By Polina Chapiro (Partner) and Yan Jiang (Senior Manager)


As additional relief for U.S. taxpayers that are affected by COVID-19, the IRS and Treasury provided guidance for tax issues as a result of the travel disruptions for both 2019 and 2020.

  • Rev. Proc. 2020-20: Provides that eligible nonresident aliens, who were not able to depart the U.S. because of COVID-19 emergency, can exclude up to 60 consecutive calendar days for purposes of determining the persons’ U.S. tax residency (i.e., substantial presence test). An Eligible Individual can also exclude the 60 days for purposes of determining whether the individual qualifies for tax treaty benefits related to income for personal services performed in the U.S.
  • Rev. Proc. 2020-27: Provides relief to the eligible U.S. tax residents who would be qualified for the foreign-earned income and housing exclusions under IRC section 911 but were not able to stay the required number of days in the foreign country due to the COVID-19 emergency.
  • Inbound Investments FAQs: The IRS has also released FAQs to provide relief related to certain U.S. business activities conducted by nonresident aliens or foreign corporations. Whereas the activities (under certain circumstances) will not be counted for up to 60 consecutive calendar days in determining whether the individual or entity is engaged in a U.S. trade or business or has a U.S. permanent establishment.

Below is a detailed discussion about the new guidance and the Green Hasson Janks (GHJ) observations.


REV. PROC. 2020-20: U.S. TAX RESIDENCY FOR NONRESIDENT ALIENS

This Revenue Procedure addresses the potential unintended U.S. tax residency issues for nonresident aliens.


Background

In general, the U.S. tax residency status for a foreign person (non-U.S. citizen and non-U.S. green card holder) is determined by the substantial presence test. A foreign person is treated as a U.S. tax resident if the person is present in the U.S. on at least 31 days during the current calendar year, and the sum of

  1. The number of days of presence in the current calendar year;
  2. One-third of the number of days of presence in the preceding calendar year; and
  3. One-sixth of the number of days of presence in the second preceding calendar year totals 183 days or more.


COVID-19 Disruption

Due to the travel bans, orders of government authorities, canceled flights and disruptions in other forms of transportation, many foreign persons who were in the U.S. during the emergency period may not be able to leave the U.S. as planned even if they did not have COVID-19. As a result, an individual may unintentionally meet the aggregate 183 days of presence in the U.S. and become a U.S. tax resident.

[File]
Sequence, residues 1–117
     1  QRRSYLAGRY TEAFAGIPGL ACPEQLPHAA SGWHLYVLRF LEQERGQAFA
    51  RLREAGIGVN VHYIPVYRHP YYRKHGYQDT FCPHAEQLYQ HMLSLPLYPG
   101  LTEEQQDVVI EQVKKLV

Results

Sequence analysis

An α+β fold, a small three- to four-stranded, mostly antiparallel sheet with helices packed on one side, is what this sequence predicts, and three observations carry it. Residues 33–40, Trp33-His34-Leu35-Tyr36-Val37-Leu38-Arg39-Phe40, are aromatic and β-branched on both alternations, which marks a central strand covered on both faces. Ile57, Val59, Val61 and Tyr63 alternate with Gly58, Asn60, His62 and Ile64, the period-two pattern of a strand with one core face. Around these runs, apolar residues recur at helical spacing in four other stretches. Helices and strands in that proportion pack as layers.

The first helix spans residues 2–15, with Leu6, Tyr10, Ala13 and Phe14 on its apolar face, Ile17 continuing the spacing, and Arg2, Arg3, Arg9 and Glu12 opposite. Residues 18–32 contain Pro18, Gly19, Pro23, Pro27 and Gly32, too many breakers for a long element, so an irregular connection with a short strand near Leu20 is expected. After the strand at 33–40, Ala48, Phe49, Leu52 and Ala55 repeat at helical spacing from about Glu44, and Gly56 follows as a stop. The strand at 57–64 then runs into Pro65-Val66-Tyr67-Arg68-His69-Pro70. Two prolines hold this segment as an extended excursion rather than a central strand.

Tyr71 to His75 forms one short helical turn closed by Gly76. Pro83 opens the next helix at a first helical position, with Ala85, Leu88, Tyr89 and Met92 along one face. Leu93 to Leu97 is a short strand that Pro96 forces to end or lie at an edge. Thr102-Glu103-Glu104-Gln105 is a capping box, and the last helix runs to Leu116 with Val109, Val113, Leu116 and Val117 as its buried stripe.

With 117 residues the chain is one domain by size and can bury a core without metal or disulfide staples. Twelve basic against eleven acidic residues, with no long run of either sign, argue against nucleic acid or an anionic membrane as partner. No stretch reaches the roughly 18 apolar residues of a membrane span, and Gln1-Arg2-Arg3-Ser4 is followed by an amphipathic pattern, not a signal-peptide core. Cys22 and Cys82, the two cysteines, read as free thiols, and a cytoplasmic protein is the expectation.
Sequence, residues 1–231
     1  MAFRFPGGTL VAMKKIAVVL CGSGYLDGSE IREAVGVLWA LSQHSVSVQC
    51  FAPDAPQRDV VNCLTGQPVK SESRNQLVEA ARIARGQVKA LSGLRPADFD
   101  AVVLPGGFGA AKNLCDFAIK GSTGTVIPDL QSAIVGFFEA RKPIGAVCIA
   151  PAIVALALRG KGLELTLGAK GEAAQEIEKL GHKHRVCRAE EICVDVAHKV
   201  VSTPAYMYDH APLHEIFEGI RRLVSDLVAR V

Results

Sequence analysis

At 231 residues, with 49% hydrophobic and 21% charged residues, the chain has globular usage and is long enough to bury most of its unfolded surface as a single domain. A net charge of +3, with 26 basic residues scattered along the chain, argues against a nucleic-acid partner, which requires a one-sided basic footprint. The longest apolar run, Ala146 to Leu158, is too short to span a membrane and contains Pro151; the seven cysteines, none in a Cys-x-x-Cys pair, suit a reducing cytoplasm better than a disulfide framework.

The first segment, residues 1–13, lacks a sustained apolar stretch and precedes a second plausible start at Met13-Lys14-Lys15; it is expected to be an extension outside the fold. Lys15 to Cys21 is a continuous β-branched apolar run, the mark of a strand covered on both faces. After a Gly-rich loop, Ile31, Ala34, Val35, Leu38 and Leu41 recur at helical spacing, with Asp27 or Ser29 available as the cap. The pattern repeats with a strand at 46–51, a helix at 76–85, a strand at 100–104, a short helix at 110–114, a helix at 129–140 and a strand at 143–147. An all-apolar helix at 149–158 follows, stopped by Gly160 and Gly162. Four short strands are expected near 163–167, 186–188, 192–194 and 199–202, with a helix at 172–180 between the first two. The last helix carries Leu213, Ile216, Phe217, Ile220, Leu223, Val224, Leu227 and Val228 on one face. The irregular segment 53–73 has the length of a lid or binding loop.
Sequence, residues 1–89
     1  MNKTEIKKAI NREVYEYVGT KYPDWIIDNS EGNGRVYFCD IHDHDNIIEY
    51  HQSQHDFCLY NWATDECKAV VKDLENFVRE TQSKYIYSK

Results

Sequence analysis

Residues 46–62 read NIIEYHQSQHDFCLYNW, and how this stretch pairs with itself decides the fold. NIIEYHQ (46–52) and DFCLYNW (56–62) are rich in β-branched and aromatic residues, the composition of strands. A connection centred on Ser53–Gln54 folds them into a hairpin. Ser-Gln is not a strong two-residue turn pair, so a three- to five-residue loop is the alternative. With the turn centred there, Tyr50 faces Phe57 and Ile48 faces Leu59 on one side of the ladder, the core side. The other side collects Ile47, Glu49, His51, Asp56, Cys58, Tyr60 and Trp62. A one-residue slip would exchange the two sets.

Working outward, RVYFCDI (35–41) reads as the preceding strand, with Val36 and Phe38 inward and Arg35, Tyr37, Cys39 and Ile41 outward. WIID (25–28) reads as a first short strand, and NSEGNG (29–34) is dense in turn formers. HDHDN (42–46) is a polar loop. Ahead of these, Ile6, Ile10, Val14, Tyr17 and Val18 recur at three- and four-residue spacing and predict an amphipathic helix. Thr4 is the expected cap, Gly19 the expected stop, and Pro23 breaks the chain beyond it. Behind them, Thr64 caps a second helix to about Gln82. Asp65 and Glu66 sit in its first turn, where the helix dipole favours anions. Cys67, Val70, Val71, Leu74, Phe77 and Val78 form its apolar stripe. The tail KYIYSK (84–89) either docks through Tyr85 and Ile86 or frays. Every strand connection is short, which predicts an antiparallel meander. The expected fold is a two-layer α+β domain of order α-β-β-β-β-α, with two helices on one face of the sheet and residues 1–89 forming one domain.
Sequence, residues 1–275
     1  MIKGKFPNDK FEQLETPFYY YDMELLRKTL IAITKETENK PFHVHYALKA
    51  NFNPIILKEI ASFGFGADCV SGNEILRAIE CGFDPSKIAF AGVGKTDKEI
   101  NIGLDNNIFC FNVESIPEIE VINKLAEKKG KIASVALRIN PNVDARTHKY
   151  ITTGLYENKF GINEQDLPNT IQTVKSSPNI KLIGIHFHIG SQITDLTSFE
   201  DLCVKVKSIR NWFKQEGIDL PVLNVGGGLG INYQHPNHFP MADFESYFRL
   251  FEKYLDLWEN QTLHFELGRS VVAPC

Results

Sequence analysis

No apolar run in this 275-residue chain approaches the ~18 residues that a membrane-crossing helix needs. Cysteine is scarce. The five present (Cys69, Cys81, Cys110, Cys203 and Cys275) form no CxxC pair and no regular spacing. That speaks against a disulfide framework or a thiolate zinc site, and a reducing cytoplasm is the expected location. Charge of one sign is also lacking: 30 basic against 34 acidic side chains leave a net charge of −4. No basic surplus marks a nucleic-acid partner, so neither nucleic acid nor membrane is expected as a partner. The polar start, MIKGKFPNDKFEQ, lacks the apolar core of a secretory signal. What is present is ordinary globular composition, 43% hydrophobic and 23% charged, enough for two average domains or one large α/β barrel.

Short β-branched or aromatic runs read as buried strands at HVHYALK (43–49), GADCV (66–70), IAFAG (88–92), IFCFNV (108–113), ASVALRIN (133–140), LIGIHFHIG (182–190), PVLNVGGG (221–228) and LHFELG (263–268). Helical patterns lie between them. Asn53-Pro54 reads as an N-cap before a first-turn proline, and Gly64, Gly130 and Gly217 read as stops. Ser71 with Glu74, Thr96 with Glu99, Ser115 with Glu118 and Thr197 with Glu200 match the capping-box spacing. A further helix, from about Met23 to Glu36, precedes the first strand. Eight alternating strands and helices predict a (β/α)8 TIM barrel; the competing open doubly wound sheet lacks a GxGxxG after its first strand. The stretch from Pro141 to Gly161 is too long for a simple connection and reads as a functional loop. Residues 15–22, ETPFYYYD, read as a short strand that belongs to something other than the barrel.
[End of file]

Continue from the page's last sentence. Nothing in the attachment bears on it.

Updated Revenue Procedure

Rev. Proc. 2020-20 provides that, when applying the substantial presence test, the Eligible Individual could exclude up to 60 consecutive days during COVID-19 Emergency Period (defined below). Eligible Individual is defined as any individual:

  1. Who was not a U.S. resident at the close of the 2019 tax year;
  2. Who is not a lawful permanent resident at any point in 2020;
  3. Who is present in the United States (without regard to this Revenue Procedure) on each of the days of the individual’s COVID-19 Emergency Period; and
  4. Who does not become a U.S. resident in 2020 due to days of presence in the U.S. outside of the individual’s COVID-19 Emergency Period.

COVID-19 Emergency Period: This term is defined as a single period of up to 60 consecutive calendar days selected by an individual starting on or after Feb. 1, 2020 and on or before April 1, 2020 during which the individual is physically present in the U.S. on each day. It is important to note that for purposes of this Revenue Procedure, an Eligible Individual will be presumed to have intended to leave the U.S. on any day during the individual’s COVID-19 Emergency Period. If the individual has applied, or otherwise taken steps, to become a lawful permanent resident of the U.S. (e.g., applying for a U.S. green card), an individual is not eligible to apply the relief provided in this Revenue Procedure. Other exceptions, such as the “closer connection” exception or a treaty based “tie break,” are still available and have not been impacted by this Revenue Procedure.

Application of the COVID-19 Medical Condition Travel Exception

The mechanics for utilizing this Revenue Procedure is done via the Medical Condition Exception of the substantial presence test under Code section 7701(b)(3)(D)(ii) and Treasury Regulation section 301.7701(b)-3(c). Therefore, in order to claim the exclusion of the 60 days for purposes of the substantial presence test, the Eligible Individual, if otherwise required to file a U.S. tax return, must file Form 8843, Statement for Exempt Individuals and Individuals with a Medical Conditions, with the individual’s Form 1040-NR, U.S. Nonresident Alien Income Tax Return. If a U.S. income tax return filing is not otherwise required, there are special procedures for maintaining the form and supporting information to substantiate compliance with the Revenue Procedure.

In order to claim an exception from withholding on income for dependent personal services pursuant to a U.S. income tax treaty in accordance with this Revenue Procedure, an individual should provide the employer or other withholding agent Form 8233, Exemption From Withholding on Compensation for Independent (and Certain Dependent) Personal Services of a Nonresident Alien Individual, certifying that the income is exempt. If tax has already been withheld, there are special procedures for obtaining a refund.